KARTAVIRYA. [Source: Dowson's Classical Dictionary of Hindu Mythology] Son of Kritavirya, king of the Haihayas. This is his patronymic, by which he is best know; his real name was Arjuna.
"Having worshipped a portion of the divine being called Dattatreya, sprung from the race of Atri, he sought and obtained these boons, viz., a thousand arms and a golden chariot that went wheresoever he willed it to go; the power of restraining wrong by justice; the conquest of the earth and the disposition to rule it righteously; invincibility by enemies, and death at the hands of a man renowned over the whole world. By him this earth was perfectly governed," and of him it is said:-"No other king shall ever equal Kartavirya in regard to sacrifices, liberality, austerities, courtesy, and self-restraint." "Thus he ruled for 85,000 years with unbroken health, prosperity, strength, and valour."-V.P.
He visited the hermitage of Jamadagni, and was received by that sage's wife with all respect; but he made an ill return for her hospitality, and carried off by violence "the calf of the milch-cow of the sacred oblation." For this outrage Parasurama cut off his thousand arms and killed him.
In another place a different character is given to him, and more in accordance with his behavior at Jamadagni's hut. "He oppressed both men and gods," so that the latter appealed to Vishnu for succor. That god then came down to the earth as Parasurama for the especial purpose of killing him.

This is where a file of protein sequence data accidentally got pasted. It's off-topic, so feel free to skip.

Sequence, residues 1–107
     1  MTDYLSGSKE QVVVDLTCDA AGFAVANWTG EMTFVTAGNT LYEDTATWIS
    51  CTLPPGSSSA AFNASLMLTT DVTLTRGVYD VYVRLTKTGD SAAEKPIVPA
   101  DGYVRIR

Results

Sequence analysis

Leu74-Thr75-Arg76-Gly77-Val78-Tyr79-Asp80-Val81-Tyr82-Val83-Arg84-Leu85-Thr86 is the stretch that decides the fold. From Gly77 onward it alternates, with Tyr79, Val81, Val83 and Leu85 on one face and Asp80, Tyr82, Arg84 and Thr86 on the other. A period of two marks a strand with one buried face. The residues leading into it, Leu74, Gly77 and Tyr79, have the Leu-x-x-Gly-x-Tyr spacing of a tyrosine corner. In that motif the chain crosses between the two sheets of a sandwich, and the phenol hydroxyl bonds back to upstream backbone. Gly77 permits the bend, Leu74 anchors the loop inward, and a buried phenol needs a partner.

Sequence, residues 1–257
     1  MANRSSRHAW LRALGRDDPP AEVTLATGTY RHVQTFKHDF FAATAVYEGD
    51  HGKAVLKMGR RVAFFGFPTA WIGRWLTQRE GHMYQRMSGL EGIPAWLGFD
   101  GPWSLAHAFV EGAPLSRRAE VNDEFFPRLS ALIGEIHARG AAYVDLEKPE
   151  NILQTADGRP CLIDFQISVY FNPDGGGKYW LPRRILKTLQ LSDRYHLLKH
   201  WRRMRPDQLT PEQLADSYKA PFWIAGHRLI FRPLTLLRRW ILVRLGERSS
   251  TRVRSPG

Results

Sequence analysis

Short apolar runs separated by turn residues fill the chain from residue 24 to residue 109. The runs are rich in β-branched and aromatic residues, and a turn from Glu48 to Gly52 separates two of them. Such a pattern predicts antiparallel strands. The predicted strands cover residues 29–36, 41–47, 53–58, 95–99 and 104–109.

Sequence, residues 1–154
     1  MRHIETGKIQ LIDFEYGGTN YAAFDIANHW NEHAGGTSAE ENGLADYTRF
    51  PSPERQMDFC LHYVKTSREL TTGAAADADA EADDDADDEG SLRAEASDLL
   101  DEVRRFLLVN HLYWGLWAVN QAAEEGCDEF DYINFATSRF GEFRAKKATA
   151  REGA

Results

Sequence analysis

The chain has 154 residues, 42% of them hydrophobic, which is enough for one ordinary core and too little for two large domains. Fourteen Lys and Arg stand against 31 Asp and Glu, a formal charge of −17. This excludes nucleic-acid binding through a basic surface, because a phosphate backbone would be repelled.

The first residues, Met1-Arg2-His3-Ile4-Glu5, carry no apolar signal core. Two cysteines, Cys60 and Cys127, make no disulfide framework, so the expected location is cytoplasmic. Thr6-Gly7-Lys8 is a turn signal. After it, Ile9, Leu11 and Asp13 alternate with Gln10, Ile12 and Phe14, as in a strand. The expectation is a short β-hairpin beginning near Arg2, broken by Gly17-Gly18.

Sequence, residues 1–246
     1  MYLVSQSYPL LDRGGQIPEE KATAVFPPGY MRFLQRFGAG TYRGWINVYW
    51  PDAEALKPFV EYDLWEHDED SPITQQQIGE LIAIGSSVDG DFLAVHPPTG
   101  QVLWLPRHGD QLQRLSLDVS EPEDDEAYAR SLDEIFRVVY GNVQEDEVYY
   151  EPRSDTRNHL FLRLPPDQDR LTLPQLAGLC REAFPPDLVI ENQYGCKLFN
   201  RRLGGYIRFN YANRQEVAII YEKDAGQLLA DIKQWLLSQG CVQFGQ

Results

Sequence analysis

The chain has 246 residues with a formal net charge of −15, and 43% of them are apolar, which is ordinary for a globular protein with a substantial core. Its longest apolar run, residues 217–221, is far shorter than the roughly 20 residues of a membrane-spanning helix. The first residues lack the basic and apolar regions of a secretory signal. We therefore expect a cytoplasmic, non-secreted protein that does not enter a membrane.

Kartavirya was the contemporary of Ravana, and when that demon monarch came "in the course of his campaign of conquest to Mahishmati (the capital of Kartavirya), he was captured without difficulty, and was confined like a wild beast in a corner of his city."
The statement of the Vayu Purana is that Kartavirya invaded Lanka, and there took Ravana prisoner.
Modern Languages MLLL-4993. Indian Epics. Laura Gibbs, Ph.D. The textual material made available at this website is licensed under a Creative Commons License. You must give the original author credit. You may not use this work for commercial purposes. If you alter, transform, or build upon this work, you may distribute the resulting work only under a license identical to this one. No claims are made regarding the status of images used at this website; if you own the copyright privileges to any of these images and believe your copyright privileges have been violated, please contact the webmaster. Page last updated: October 16, 2007 12:22 PM